Earlier this week, SupChina noted that both Alipay and WeChat, popular mobile apps that make payments extraordinarily easy in China, had partnered with Silicon Valley startup Citcon to bring their payment platforms to the U.S. Yet on May 8, Alipay made a far more important partnership with Atlanta-based payments processor First Data. This partnership will bring Alipay to 4 million merchants in the U.S., only half a million shy of Apple Pay, Quartz reports. With the numbers of Chinese visiting the U.S. every year skyrocketing, from 2.6 million in 2015 to an expected 6 million in 2021, Alipay’s rival app WeChat has some catching up to do.
So does the U.S., in terms of mobile payments adoption, where it lags behind China. However, a Bloomberg columnist points out that the proportion of customers using mobile platforms to settle transactions is rising faster in the U.S. than in China, and both countries are expected to reach 23 percent adoption in 2018. Alipay’s newest partnership may help speed along U.S. adoption.
Russian authorities should lift block on WeChat soon to minimize harmful effects / Global Times
The shrill state-owned newspaper, a frequent defender of Chinese internet censorship, calls on Russia to restore access in Russia to WeChat, whose blocking has “triggered wide complaints from Chinese tourists, students and businessmen in Russia, who see WeChat as an essential channel for connecting with people.”
As China’s growth cools, wealth management products boom / Caixin
“Chinese publicly listed firms are increasingly trying to boost their incomes by buying so-called wealth management products (WMPs)…higher-yield, short-term investments typically sold by commercial banks.”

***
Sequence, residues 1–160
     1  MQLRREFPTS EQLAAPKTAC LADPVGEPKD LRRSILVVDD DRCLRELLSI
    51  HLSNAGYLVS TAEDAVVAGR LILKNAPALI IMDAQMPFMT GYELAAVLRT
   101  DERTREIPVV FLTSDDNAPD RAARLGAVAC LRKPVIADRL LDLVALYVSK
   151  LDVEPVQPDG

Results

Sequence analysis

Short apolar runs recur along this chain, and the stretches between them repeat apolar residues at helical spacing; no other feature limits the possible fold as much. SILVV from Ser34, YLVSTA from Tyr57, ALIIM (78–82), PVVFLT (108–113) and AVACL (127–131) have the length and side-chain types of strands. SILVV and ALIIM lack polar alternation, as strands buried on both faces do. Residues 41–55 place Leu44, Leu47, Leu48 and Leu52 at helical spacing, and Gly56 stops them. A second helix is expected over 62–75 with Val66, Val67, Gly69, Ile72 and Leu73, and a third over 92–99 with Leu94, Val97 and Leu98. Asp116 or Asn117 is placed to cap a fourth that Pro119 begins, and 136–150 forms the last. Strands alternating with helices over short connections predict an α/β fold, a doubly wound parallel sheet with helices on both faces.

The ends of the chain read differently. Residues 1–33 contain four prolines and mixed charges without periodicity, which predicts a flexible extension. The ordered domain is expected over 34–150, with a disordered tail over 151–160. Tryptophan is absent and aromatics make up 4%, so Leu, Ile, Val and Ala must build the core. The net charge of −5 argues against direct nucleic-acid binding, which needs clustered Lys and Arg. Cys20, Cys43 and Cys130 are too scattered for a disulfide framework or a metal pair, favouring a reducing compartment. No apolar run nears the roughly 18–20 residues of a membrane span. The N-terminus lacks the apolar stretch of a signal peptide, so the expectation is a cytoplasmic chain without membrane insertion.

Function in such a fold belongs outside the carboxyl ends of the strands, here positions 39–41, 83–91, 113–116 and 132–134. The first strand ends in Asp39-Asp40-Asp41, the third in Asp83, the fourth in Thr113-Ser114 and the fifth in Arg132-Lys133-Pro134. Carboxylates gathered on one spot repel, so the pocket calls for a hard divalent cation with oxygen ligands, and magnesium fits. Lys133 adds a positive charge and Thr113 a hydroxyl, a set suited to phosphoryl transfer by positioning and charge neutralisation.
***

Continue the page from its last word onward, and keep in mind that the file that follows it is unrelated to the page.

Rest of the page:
Beijing property agent Lianjia shutters shops amid market cool-down / Caixin (paywall)
“One of China’s largest real estate brokerage firms, Lianjia, has shuttered 87 out of its 1,400 offices in the capital since March, when the Beijing government introduced its latest round of regulatory curbs in a bid to rein in skyrocketing property prices.”
Germany welcomes Chinese investment in financial firms / Reuters
Germany’s top financial watchdog greenlighted the nearly 10 percent share in Deutsche Bank by China’s HNA Group.
Opinion: Think China home prices can’t topple? Think again / Bloomberg
“Property market curbs imposed by authorities are getting stricter, even in smaller, regional cities…down-payment rates are rising and the nation’s banking regulator has instructed trust companies to rein in funding,” Nisha Gopalan writes.
China stocks adored abroad as local investors see losses mount / Bloomberg
“Mainland markets have struggled under the government’s campaign to trim risk in the financial sector, making stocks the least linked to the offshore index since 2006.”
- China toughens auditing of overseas investment by state-owned companies / Xinhua
- China’s financial regulators appear determined to tighten rules further, boost oversight / SCMP